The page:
The U.S. Department of Agriculture has declared 284 counties in 11 states in a drought crisis as of Jan. 29. All of California -- except for Imperial County -- is listed as being in a condition of either "severe" or "extreme" drought.


– Reported by City News Service.

Chester February 06, 2014 at 10:27 AM
It's time to fire up the cloud seeding program.
Alek J Hidell February 06, 2014 at 11:19 AM
I grew up in places where each house had a water tank to use when the water taps stop flowing...high up on their roof to allow for gravity flow. Buckets used to flush toilets.... That would be a good investment now, those water tanks. Oh and where I was a generator was necessary for the constant brown-outs... Now that we will soon be a "Third World" nation, we need to pay attention to our wise southern neighbors, they are well used to being abandoned by their government.
SA February 06, 2014 at 03:44 PM
Such a Democrat move to deny producers water to save anything that is not human verbal BJ to get more tax money… Southern California has always been in a drought as it is a DESERT is why William Mulholland built the aqueduct …
ChrisG February 07, 2014 at 10:12 AM
According to the article, "reservoirs, lakes and other storage facilities from which water is distributed to an estimated 25 million Californians are at levels not seen since the drought of 1977." A lot of this is natural weather cycles. A lot is government mismanagement. All of us need to be better stewards though. My sprinklers went off this morning because I forgot to turn the timer off. Most of my neighbors too. Lots of sprinklers watering sidewalks and streets. We can do a lot to conserve.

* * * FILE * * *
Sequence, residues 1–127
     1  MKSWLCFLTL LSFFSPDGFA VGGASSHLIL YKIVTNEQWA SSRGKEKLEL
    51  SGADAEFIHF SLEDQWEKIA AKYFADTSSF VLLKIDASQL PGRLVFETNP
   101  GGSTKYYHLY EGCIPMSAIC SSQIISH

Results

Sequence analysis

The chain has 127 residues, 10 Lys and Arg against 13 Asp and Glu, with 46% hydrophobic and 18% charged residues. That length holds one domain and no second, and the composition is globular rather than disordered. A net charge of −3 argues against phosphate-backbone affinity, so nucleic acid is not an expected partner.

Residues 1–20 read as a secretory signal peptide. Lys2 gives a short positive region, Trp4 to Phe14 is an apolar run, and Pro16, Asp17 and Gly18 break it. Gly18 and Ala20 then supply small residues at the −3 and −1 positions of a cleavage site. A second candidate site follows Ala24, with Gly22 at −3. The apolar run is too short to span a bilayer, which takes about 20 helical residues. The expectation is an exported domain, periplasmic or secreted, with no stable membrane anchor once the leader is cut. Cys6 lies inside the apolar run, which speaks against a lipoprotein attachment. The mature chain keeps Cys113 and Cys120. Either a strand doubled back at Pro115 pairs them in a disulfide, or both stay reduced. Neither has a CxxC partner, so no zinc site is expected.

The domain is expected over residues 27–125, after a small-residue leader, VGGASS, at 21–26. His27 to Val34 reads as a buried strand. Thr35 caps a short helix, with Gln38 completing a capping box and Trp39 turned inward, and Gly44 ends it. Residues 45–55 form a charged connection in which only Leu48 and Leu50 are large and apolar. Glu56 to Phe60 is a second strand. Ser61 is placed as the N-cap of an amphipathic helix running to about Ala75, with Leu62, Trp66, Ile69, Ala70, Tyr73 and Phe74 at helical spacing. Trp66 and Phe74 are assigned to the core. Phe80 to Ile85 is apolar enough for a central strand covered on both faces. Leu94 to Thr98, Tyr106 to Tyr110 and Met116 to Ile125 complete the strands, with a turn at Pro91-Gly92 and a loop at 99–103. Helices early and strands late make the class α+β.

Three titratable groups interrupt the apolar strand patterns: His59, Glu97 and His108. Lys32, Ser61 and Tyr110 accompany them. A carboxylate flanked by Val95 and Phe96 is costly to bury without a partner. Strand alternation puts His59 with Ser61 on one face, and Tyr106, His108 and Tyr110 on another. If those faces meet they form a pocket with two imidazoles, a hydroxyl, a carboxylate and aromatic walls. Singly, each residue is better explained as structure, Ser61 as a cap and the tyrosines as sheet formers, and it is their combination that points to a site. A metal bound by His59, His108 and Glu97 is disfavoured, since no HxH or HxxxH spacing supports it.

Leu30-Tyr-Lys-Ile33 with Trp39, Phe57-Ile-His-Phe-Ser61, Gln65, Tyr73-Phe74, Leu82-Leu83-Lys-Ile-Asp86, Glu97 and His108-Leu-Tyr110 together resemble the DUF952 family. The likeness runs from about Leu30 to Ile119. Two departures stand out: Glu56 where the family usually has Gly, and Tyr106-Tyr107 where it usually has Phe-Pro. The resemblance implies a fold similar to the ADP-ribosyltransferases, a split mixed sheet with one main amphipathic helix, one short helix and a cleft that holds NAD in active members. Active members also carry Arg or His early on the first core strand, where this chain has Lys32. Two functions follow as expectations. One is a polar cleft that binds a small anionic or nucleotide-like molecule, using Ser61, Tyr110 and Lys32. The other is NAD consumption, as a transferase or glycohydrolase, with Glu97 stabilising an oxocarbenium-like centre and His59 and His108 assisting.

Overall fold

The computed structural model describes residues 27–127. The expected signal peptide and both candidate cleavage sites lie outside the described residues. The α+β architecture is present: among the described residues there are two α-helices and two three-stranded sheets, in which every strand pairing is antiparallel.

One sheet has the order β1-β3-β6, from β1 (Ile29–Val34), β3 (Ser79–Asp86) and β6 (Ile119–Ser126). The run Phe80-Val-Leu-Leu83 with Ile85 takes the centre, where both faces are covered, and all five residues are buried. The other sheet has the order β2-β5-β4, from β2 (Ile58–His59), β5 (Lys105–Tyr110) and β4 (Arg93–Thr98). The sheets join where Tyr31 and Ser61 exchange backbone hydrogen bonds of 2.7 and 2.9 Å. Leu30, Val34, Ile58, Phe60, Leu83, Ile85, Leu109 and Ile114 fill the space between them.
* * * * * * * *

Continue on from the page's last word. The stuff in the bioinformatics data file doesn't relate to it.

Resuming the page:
anotherview February 07, 2014 at 12:03 PM
This latest drought offers an opportunity to discuss water allocation in California. Farmers use about 85 percent of the available water. Households use about 5 percent. The rest of the water goes to government, business, and miscellaneous use. From this breakdown, a citizen may calculate that if farmers cut back only about 6 percent of their water use, this small water-use cutback would equal the entire amount of water used by households. This cutback could occur by market economics if the government stopped supplying water to farmers at a price below the market price. This government subsidy encourages farmers to use their water supply irresponsibly. For example, farmers raise rice, and this crop uses flood irrigation instead of more controlled use like for row crops. As another example, although change has begun, farmers allow unused irrigation water to run off their property to waste instead of capturing this runoff onsite to recycle. Hence, if farmers received no government water subsidy, then farm water use would drop significantly via smarter farming in accord with market pressure. The State of California would then have plenty of water for household use and for farming.
AlwaysPO'd February 11, 2014 at 11:55 PM
"With an unprecedented situation such as this, it is important that our board has a full understanding of the unique and challenging situation facing our region and our state," board President Phil Paule said." _________________________________________________ Mr. Paule needs to do his homework before assuming he knows the meaning of the word "unprecedented".